It seems there's a goober in Kentucky sponsoring a bill to sneak Creationism into government school science classes.

This is just another example of how government schools (besides being based on theft and violence) are really terrible. The problem on display here is that they can't please everyone who 'helps' pay for them. Some tax payers are morons who want their taxes to pay for Creationism to be taught in science classes, and other tax payers (the rest of us) want Creationism left in comparative religion classes or other classes based on the study of fantasy.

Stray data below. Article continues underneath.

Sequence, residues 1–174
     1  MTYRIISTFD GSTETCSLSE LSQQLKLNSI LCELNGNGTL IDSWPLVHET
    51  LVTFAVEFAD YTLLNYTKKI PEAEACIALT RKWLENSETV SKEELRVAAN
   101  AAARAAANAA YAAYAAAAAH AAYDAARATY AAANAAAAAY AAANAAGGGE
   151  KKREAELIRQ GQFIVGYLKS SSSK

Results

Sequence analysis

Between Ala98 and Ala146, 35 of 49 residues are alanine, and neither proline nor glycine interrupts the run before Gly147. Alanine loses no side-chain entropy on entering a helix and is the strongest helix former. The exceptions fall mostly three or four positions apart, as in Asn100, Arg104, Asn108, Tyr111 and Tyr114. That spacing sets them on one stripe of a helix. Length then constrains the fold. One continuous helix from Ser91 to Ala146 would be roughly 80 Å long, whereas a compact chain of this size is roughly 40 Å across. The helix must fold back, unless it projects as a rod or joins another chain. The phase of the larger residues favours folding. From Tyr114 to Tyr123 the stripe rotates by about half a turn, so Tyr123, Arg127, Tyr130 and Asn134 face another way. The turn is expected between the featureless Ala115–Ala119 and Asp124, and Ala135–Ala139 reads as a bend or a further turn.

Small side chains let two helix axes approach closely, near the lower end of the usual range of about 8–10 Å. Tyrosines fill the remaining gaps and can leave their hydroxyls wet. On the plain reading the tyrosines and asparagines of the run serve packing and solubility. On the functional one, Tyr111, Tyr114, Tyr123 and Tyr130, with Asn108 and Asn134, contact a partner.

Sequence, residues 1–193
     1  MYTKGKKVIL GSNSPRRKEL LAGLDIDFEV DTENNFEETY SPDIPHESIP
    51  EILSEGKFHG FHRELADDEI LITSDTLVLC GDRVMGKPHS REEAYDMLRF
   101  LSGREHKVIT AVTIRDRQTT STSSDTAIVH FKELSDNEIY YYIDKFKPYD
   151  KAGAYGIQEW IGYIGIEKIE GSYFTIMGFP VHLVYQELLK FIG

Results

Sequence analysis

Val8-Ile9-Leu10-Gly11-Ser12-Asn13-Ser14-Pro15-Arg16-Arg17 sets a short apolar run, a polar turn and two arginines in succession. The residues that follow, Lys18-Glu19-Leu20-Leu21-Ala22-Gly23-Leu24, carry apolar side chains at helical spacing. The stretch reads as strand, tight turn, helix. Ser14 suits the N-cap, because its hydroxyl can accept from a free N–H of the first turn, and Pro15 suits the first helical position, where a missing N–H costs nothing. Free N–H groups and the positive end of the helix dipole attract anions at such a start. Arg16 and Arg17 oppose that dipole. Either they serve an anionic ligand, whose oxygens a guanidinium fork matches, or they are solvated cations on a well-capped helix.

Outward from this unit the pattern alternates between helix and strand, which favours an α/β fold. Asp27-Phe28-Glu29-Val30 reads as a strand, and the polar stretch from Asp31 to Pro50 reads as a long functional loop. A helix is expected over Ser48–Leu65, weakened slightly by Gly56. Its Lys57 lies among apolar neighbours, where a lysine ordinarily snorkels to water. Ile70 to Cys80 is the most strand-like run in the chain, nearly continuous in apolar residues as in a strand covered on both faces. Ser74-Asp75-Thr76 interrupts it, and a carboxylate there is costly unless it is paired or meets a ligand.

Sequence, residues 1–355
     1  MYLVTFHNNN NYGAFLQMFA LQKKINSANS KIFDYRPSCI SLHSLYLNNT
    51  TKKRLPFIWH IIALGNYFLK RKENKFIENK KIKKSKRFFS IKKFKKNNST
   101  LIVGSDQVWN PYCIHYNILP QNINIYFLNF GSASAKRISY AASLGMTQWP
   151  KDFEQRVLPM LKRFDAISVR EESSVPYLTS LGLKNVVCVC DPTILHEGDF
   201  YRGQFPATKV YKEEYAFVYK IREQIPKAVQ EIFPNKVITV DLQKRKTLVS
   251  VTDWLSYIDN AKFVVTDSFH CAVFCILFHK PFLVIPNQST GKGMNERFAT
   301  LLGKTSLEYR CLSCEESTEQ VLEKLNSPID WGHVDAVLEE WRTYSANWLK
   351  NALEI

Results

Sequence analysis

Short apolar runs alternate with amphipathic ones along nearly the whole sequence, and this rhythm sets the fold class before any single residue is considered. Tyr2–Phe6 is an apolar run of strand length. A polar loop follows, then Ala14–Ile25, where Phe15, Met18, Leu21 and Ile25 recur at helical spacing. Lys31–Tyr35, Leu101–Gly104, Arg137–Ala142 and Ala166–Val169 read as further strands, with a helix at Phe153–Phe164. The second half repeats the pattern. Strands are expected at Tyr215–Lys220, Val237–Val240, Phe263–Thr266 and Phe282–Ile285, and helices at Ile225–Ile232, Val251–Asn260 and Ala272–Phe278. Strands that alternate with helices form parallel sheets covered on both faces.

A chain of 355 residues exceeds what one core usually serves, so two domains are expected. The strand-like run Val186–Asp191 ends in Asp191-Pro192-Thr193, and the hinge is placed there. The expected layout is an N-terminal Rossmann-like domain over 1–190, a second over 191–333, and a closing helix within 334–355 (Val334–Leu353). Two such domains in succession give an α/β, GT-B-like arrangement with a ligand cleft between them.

Of course, both groups, as tax payers, have a legitimate beef (particularly since the tax payers pay under threat of violence rather than as the result of a voluntary contract). The problem is fundamentally insoluble in the context of government schools (though the constitutional separation of church and state does provide a sometimes useful tool). The only solution is the abolition of government schools (and the taxes associated with them), thus allowing individuals to choose educational options for their children that they deem appropriate and that they are paying for themselves (or through whatever voluntary assistance may emerge). In other words, the solution is to implement the libertarian (a.k.a. voluntaryist, a.k.a. market anarchist) ethic: do not aggress against others or their justly-acquired property.